"We review the admission of evidence at trial for abuse of discretion. However, even if the trial court erroneously admits evidence, such error does not require reversal if it was harmless." United States v. Wittgenstein, 163 F.3d 1164, 1172 (10th Cir. 1998) (citations omitted). Evidence of prior uncharged misconduct, or bad character evidence, is properly admitted under Rule 404(b) if: (1) it is offered for a proper purpose under the Rule; (2) it is relevant; (3) the trial court makes a Rule 403 assessment that the probative value of the evidence is not substantially outweighed by its potential for unfair prejudice; and (4) the trial court, upon request, instructs the jury that the evidence is to be considered only for the proper purpose for which it was admitted. See Huddleston v. United States, 485 U.S. 681, 691-92 (1988).(2)

"Evidence admissible for one of the purposes specified in Fed. R. Evid. 404(b) and res gestae evidence are not always separated by a bright line." United States v. Kimball, 73 F.3d 269, 272 (10th Cir. 1995). Evidence of other bad acts "should not be suppressed when those facts come in as res gestae­'as part and parcel of the proof of the offense [ ] charged in the indictment.'" Id. (quoting United States v. Gano, 560 F.2d 990, 993 (10th Cir.1977)).

Powell argues that the district court abused its discretion in admitting numerous invalid checks into evidence at trial, because these checks constituted evidence of other crimes, wrongs or acts prohibited under Rule 404(b). This argument must be placed in the context of the bank fraud counts of the indictment, which alleged a scheme of depositing stolen checks and checks drawn on closed accounts into Powell's bank accounts during the period from February 1992 through June 1994.

A review of the record reveals that some of the contested exhibits were admitted as part of the "res gestae" of the charged offenses. Others were admitted under Fed. R. Evid. P. 404(b) to show identity, absence of mistake, plan, or knowledge. For each exhibit, the district court made an explicit ruling with an explanation of its rationale and, if necessary, gave an appropriate limiting instruction. We find no abuse of discretion in the district court's evidentiary rulings.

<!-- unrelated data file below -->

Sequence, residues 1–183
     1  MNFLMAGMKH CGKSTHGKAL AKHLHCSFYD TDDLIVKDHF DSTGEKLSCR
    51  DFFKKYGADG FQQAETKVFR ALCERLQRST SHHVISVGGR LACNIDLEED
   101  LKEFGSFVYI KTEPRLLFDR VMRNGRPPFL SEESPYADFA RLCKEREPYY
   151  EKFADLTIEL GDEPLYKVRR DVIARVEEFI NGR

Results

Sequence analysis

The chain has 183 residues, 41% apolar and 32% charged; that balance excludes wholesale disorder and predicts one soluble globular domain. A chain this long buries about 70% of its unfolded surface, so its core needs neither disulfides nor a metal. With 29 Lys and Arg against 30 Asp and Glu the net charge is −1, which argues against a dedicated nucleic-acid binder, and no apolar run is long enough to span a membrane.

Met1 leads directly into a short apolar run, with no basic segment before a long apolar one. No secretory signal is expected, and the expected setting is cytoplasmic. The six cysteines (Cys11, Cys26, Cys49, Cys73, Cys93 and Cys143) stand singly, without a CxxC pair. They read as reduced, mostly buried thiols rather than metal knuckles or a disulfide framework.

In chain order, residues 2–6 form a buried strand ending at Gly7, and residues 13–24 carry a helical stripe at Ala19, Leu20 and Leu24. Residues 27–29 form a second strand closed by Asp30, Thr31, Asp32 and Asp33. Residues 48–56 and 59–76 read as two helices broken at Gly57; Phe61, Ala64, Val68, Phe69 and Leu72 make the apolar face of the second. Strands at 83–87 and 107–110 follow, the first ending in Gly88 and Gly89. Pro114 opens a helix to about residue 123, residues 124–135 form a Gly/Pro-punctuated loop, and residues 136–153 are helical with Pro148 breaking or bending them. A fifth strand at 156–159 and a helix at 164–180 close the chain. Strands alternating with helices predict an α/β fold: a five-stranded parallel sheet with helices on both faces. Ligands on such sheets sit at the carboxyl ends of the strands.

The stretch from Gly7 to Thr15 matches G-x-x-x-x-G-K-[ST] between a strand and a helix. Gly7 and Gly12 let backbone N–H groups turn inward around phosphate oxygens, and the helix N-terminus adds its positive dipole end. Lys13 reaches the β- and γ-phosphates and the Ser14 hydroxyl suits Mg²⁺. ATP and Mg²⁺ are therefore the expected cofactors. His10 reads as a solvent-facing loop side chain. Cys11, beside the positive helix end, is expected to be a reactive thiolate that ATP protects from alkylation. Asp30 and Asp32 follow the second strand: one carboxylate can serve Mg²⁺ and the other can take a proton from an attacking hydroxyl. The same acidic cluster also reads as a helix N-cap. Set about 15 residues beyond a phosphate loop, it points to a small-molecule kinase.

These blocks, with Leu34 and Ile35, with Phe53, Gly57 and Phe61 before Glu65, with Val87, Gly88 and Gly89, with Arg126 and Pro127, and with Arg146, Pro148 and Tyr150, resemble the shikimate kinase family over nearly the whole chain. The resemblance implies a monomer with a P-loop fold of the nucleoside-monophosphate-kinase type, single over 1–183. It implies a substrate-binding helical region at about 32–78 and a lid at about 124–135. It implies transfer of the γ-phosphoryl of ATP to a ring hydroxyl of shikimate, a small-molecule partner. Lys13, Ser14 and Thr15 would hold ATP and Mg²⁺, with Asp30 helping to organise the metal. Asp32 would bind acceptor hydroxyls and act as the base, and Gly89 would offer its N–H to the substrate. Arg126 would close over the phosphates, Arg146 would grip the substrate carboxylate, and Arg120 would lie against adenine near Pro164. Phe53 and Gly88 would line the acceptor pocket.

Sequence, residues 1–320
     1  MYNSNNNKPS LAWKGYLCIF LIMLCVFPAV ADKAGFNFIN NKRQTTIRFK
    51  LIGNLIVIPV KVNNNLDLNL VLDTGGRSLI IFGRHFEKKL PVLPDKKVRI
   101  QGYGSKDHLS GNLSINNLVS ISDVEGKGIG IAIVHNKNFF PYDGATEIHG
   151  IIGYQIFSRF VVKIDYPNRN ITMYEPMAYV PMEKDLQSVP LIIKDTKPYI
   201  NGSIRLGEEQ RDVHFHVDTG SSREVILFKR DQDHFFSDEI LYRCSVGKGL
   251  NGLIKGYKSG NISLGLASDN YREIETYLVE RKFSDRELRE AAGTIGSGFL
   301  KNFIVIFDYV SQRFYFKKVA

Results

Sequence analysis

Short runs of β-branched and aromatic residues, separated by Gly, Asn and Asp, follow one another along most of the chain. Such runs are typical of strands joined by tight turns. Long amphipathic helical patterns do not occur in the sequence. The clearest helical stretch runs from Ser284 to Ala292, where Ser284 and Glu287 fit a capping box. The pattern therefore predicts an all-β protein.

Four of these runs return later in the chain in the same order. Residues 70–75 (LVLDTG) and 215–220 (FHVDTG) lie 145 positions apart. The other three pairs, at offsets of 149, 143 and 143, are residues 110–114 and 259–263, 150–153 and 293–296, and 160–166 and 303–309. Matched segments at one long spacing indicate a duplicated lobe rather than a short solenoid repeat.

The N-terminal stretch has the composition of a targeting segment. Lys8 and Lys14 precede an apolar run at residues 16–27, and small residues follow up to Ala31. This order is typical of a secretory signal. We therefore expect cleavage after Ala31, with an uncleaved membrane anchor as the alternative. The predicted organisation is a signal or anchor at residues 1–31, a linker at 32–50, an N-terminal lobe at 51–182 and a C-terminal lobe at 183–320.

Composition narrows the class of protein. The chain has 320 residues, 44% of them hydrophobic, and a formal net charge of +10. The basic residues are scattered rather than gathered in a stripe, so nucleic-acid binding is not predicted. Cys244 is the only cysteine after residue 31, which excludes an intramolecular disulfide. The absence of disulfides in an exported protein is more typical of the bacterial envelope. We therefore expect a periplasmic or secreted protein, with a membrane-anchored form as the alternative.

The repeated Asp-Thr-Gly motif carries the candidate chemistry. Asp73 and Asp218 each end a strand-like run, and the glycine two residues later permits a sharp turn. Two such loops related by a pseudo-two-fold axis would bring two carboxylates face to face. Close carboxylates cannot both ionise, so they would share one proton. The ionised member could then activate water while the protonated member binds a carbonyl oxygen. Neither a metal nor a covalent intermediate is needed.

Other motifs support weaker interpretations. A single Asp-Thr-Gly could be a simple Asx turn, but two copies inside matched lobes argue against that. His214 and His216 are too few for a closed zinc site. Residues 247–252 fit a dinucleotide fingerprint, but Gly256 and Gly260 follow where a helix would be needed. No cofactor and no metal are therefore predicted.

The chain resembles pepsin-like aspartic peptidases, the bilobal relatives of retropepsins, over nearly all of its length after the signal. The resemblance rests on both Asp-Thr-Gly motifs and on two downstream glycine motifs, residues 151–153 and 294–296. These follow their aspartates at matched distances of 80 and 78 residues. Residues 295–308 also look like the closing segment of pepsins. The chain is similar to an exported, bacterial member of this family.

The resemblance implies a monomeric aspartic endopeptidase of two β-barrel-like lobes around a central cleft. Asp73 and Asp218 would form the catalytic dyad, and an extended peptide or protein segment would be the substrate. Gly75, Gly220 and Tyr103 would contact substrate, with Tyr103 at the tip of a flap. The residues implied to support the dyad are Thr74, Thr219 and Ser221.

Calculating Loss for Sentencing Purposes Under U.S.S.G. § 2F1.1

Section 2F1.1, the sentencing guideline for offenses involving fraud and deceit, increases the base offense level for a fraud offense to account for the loss caused by defendant. "We review the district court's findings determination of a U.S.S.G. § 2F1.1 loss under the clearly erroneous standard, but we review the factors the court may properly consider de novo." United States v. Moore, 55 F.3d 1500, 1501 (10th Cir. 1995). "[L]oss need not be determined with precision. The court need only make a reasonable estimate of the loss, given the available information." U.S.S.G. § 2F1.1, comment (n.9).

Powell argues that the district court miscalculated the loss to his victims by including the amount he received in SSI benefits and Medicaid, because he would have been entitled to these benefits in spite of the money received from his bank fraud offenses. After reviewing the record, we conclude that the district court's inclusion of these amounts in the loss calculation was not unreasonable and thus, not clearly erroneous.


Appellant's motion to supplement the record is GRANTED. The judgment of the United States District Court for the District of Colorado is AFFIRMED.

Entered for the Court

James E. Barrett

Senior Circuit Judge

Click footnote number to return to corresponding location in the text.

*. This order and judgment is not binding precedent, except under the doctrines of law of the case, res judicata, and collateral estoppel. The court generally disfavors the citation of orders and judgments; nevertheless, an order and judgment may be cited under the terms and conditions of 10th Cir. R. 36.3.

1. Powell opened an account at Central Bank in the name of Crosby L. Powell and Associates; at City Center National Bank in the name of CLP Services Company; at the Greater Denver Credit Union in the name of Crosby L. Powell d/b/a CLP Services Co.; and at Norwest Bank in the name of Crosby L. Powell d/b/a Crosby L. Powell and Associates. He used false social security numbers at City Center National Bank and the Greater Denver Credit Union.

2. Rule 404(b) provides:

(b) Other crimes, wrongs, or acts. Evidence of other crimes, wrongs, or acts is not admissible to prove the character of a person in order to show action in conformity therewith. It may, however, be admissible for other purposes, such as proof of motive, opportunity, intent, preparation, plan, knowledge, identity, or absence of mistake or accident, provided that upon request by the accused, the prosecution in a criminal case shall provide reasonable notice in advance of trial, or during trial if the court excuses pretrial notice on good cause shown, of the general nature of any such evidence it intends to introduce at trial.